However, if you prefer to just eat the veggies and herbs, rather than grow them, you can check out Veg’d Out Urban Farm’s delicious produce on Sundays at the Pearl Farmer’s Market. If you need a beautiful dream home to build an urban farm around, just give us a call at 210-494-5400.

How to Make a Sustainable Keyhole Garden


If you’ve never heard of a keyhole garden, the concept was first started in Africa as a way to maximize water and other resources. In Texas, the keyhole garden is growing in popularity for the same reason. It uses minimal water (up to 70% less) and is a great way to re-purpose waste, like banana peels and potato skins, that you would normally just throw away. If you’d rather not spend an hour a day watering your garden, check out this nifty little idea and grow some extraordinary vegetables.

In essence, a keyhole garden is a raised-bed planter that reaches waist-high and is built in the shape of a circle measuring approximately 5 feet in diameter. A hole in the middle holds a composting basket that keeps the soil moist and fed. If you look at it from above, it looks like a keyhole or a piece of pie with a missing slice.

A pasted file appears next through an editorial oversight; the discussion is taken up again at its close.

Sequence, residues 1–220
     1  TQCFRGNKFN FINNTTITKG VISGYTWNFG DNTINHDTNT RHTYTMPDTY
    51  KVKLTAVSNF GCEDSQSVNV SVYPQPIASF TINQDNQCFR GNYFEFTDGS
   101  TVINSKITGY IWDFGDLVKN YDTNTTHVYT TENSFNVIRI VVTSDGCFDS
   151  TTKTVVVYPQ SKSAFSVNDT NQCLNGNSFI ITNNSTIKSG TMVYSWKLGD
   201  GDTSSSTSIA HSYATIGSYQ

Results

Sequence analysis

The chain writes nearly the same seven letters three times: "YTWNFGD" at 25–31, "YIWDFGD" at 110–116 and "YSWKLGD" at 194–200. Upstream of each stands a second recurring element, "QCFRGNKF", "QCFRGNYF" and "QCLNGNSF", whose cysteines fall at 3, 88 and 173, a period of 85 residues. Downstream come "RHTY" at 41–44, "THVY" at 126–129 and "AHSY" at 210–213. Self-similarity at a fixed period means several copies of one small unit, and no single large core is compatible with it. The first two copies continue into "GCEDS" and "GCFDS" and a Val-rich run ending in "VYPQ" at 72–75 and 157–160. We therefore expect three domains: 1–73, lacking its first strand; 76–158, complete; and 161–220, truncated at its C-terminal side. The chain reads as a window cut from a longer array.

People that we’ve known who have built their own are amazed at how little water is needed and yet how lush and prosperous the plants are in this mini ecosystem. It’s pretty easy to build your own – just follow these instructions:

  1. First you’ll need some bricks or rocks, a compost bin or some wire mesh to make your own cylindrical composter. Of course, you can save yourself some time and effort by shopping for an  attractive, pre-built keyhole planter online.
  2. Next, make a circle with the bricks by stacking them 3 or 4 high, depending upon how you stack the bricks. The circle should be large enough to accommodate the composter in the middle of the circle. Make sure that your arm can reach the composter in the center – this will ensure you’ll be able to harvest all of your crops.
  3. Make sure the wedged section, or keyhole, is large enough so that you can walk up to the composter for refilling.
  4. Fill the planting space with biodegradable materials such as newspaper and cardboard, then top with nutrient-rich soil in such a way that it slopes away from the compost basket. This is to encourage proper drainage.
  5. Plant your veggies in sections – tomatoes go in one pie slice for example, spinach another, and so on.
  6. Fill with compost daily, or as you have it, then water (approximately a gallon a week) over the compost. It should disseminate the nutrients and water nicely throughout the garden, leaving your plants happy and healthy!